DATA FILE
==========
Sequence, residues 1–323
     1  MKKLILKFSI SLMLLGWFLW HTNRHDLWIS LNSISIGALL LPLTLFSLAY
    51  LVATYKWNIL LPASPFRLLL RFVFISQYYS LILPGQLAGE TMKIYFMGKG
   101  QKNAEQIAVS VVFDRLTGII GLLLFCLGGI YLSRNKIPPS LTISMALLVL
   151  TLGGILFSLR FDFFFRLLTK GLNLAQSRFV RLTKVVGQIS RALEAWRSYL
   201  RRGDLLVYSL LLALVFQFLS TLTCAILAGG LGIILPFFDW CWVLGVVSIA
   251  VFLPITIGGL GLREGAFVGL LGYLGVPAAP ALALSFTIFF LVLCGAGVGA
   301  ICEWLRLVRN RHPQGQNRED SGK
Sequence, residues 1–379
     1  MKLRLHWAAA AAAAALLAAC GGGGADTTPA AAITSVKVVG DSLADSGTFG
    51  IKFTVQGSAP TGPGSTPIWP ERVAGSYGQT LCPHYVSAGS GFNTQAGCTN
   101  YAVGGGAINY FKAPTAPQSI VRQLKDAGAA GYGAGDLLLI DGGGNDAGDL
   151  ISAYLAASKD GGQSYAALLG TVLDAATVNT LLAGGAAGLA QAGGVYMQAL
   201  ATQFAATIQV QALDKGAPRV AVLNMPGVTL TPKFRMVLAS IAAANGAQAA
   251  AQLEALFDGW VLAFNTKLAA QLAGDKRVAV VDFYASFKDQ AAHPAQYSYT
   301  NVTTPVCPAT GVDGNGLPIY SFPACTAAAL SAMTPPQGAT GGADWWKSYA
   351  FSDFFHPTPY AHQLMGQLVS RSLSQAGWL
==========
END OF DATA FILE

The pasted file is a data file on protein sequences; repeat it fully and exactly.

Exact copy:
Sequence, residues 1–323
     1  MKKLILKFSI SLMLLGWFLW HTNRHDLWIS LNSISIGALL LPLTLFSLAY
    51  LVATYKWNIL LPASPFRLLL RFVFISQYYS LILPGQLAGE TMKIYFMGKG
   101  QKNAEQIAVS VVFDRLTGII GLLLFCLGGI YLSRNKIPPS LTISMALLVL
   151  TLGGILFSLR FDFFFRLLTK GLNLAQSRFV RLTKVVGQIS RALEAWRSYL
   201  RRGDLLVYSL LLALVFQFLS TLTCAILAGG LGIILPFFDW CWVLGVVSIA
   251  VFLPITIGGL GLREGAFVGL LGYLGVPAAP ALALSFTIFF LVLCGAGVGA
   301  ICEWLRLVRN RHPQGQNRED SGK
Sequence, residues 1–379
     1  MKLRLHWAAA AAAAALLAAC GGGGADTTPA AAITSVKVVG DSLADSGTFG
    51  IKFTVQGSAP TGPGSTPIWP ERVAGSYGQT LCPHYVSAGS GFNTQAGCTN
   101  YAVGGGAINY FKAPTAPQSI VRQLKDAGAA GYGAGDLLLI DGGGNDAGDL
   151  ISAYLAASKD GGQSYAALLG TVLDAATVNT LLAGGAAGLA QAGGVYMQAL
   201  ATQFAATIQV QALDKGAPRV AVLNMPGVTL TPKFRMVLAS IAAANGAQAA
   251  AQLEALFDGW VLAFNTKLAA QLAGDKRVAV VDFYASFKDQ AAHPAQYSYT
   301  NVTTPVCPAT GVDGNGLPIY SFPACTAAAL SAMTPPQGAT GGADWWKSYA
   351  FSDFFHPTPY AHQLMGQLVS RSLSQAGWL